# experimental typical reasoning

DaisyLocs
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## TypicalReasoning.doc

Typical Reasoning Minimum time to complete this experiment: 20 minutes

Background:

Tversky and Kahneman (1983) are well known for their research showing that people's estimates of probability are often very different from the objective probabilities. The reason, they argue, is that people often use heuristics to help them estimate the answer. Heuristics can be seen as sacrificing some accuracy for an increase in speed. By using heuristics, people can very quickly come up with an answer that is usually good enough for day-to-day purposes. These heuristics, however, can lead to incorrect judgments.

One of the most striking errors is known as the conjunction fallacy. In its most simple form, it says that people think that having both A and B occur is more likely than having just A occur or just B occur. According to objective probabilities, the probability of two events occurring has to be less than the probabilities of either of the events happening by itself. In some circumstances, however, people are more likely to say the conjunction (having both events occur) is more likely.

In particular, the conjunction fallacy is more likely when the items are typical than when they are atypical. For example, read the following: Julie is 26 years old, has a degree in physical education, has been physically fit since childhood, and loves the outdoors. People think it is more likely that Julie is a ski instructor who also teaches aerobics (a conjunction involving an activity thought to be more typical of ski instructors) than that Julie is a librarian who also teaches aerobics (a conjunction involving an activity thought to be less typical of librarians). When the activity is particularly typical, the conjunction can be thought more likely than the single events (e.g., that Julie is a ski instructor). This demonstration is based on an experiment by Shafir, Smith, and Osherson (1990). You will read short descriptions about several people and you will be asked to rate the probability that these people have certain professions and/or engage in certain activities.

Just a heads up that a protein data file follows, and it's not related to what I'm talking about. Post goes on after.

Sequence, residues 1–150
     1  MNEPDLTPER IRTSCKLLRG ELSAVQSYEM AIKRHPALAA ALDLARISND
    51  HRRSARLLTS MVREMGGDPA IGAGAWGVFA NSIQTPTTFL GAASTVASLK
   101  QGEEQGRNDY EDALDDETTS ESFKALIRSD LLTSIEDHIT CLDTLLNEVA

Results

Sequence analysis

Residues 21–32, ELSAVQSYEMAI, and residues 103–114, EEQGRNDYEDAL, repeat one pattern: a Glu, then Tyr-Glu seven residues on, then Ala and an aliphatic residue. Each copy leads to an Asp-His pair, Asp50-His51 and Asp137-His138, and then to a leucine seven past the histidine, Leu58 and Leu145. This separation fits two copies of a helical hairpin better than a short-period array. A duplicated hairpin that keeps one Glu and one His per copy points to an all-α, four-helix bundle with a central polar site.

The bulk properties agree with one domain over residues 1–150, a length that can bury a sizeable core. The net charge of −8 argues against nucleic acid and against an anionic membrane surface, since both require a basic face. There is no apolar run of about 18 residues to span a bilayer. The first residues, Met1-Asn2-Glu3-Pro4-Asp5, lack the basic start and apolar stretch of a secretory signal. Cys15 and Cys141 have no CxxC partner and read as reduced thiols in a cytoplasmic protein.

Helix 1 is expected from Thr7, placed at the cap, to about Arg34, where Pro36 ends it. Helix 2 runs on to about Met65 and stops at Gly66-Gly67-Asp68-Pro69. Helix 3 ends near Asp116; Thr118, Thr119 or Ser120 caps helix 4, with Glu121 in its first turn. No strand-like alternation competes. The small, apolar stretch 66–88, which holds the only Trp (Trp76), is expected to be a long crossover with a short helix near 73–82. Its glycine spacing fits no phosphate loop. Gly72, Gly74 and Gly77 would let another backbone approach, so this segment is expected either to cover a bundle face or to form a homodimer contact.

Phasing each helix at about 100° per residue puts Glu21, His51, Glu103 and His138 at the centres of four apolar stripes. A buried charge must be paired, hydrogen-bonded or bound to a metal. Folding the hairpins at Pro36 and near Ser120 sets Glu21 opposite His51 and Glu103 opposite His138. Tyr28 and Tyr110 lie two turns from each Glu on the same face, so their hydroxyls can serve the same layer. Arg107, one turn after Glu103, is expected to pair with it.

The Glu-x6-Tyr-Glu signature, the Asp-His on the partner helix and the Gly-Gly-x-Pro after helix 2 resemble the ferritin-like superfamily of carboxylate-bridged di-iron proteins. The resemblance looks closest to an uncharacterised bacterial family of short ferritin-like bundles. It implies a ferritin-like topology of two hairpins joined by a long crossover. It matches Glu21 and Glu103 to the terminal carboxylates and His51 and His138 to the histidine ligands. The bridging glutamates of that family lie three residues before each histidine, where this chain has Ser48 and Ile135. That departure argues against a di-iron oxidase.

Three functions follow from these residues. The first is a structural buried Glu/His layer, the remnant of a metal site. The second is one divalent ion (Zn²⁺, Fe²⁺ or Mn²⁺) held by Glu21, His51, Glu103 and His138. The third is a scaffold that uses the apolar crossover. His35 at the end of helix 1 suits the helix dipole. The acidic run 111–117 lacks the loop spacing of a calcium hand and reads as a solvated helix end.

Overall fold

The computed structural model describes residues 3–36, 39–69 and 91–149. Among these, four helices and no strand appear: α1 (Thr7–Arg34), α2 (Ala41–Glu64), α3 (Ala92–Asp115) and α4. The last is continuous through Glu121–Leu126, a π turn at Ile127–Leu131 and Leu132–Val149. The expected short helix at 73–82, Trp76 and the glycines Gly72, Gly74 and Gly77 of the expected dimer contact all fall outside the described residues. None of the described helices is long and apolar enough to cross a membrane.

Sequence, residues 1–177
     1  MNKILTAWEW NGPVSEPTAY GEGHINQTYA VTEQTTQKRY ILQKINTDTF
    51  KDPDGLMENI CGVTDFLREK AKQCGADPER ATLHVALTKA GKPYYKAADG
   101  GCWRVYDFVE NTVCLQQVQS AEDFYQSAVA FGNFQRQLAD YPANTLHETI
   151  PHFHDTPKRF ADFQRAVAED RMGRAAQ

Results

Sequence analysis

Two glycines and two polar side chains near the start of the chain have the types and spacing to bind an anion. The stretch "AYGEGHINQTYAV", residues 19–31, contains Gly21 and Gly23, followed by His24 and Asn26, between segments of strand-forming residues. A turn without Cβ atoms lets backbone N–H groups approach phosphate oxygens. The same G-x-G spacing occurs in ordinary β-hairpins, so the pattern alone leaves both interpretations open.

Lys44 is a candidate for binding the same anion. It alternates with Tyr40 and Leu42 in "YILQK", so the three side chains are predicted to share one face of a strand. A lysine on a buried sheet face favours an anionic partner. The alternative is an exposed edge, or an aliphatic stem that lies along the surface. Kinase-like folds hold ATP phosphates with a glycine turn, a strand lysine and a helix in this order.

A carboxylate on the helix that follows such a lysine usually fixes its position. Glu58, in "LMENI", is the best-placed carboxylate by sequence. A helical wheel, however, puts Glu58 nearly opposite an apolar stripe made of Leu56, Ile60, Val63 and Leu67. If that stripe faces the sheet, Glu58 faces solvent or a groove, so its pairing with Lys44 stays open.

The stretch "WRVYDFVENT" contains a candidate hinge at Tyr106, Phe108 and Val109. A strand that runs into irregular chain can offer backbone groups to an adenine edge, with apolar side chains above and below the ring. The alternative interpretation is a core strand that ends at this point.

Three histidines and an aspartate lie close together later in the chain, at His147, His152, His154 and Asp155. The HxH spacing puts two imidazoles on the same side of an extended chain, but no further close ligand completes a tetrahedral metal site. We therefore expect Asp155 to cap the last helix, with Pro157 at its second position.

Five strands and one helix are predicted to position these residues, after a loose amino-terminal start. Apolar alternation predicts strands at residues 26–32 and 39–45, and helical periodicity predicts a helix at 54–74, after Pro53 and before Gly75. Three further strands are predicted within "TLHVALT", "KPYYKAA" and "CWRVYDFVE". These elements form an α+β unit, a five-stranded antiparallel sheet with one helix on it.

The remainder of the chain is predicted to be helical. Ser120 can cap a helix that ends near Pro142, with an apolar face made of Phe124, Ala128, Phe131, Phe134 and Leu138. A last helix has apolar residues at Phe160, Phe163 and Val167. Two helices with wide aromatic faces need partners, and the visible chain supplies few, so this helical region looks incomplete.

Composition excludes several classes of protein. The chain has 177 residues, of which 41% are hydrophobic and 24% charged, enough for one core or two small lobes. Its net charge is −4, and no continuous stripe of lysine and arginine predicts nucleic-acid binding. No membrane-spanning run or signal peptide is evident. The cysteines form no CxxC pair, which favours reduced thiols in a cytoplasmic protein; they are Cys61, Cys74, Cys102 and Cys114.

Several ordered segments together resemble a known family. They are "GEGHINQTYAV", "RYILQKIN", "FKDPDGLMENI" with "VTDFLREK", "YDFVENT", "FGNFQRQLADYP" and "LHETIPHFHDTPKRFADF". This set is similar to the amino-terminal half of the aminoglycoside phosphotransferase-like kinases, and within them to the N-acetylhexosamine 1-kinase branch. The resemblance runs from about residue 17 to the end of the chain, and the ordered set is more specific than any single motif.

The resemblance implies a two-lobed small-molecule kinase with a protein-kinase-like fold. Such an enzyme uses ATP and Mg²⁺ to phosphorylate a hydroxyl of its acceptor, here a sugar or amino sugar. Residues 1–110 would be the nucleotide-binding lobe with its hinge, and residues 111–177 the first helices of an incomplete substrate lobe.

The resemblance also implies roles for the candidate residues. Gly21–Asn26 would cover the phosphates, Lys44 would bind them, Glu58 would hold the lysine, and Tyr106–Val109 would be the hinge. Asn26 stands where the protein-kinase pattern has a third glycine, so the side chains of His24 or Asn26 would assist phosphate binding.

a. Describe one advantage and one disadvantage of using heuristics, such as typical reasoning

b. Did your data confirm the prediction that you would be more certain of the answers to the questions (give higher ratings) if the behaviors outlined in the questions seemed typical of the persons described? If your data did not confirm this prediction, how do you explain your results?

c. Describe how you went about judging the certainty of your answers to the questions asked. Use your answer to 1 of the 12 questions as an example of how you came to rate the question in the way that you did.

d. What is a stereotype? How do stereotypes relate to the findings of this experiment?

e. How might the methods and results of this experiment be related to experiences in your everyday life?

Basic Questions

1. What is an advantage of using heuristics? What is a disadvantage of using heuristics?]

2. . Describe the conjunction fallacy.

3. For this demonstration, on average did participants give higher ratings for single events or conjunctions of events? Based on the demonstration results, are participants making their judgments by using objective probabilities? Why or why not?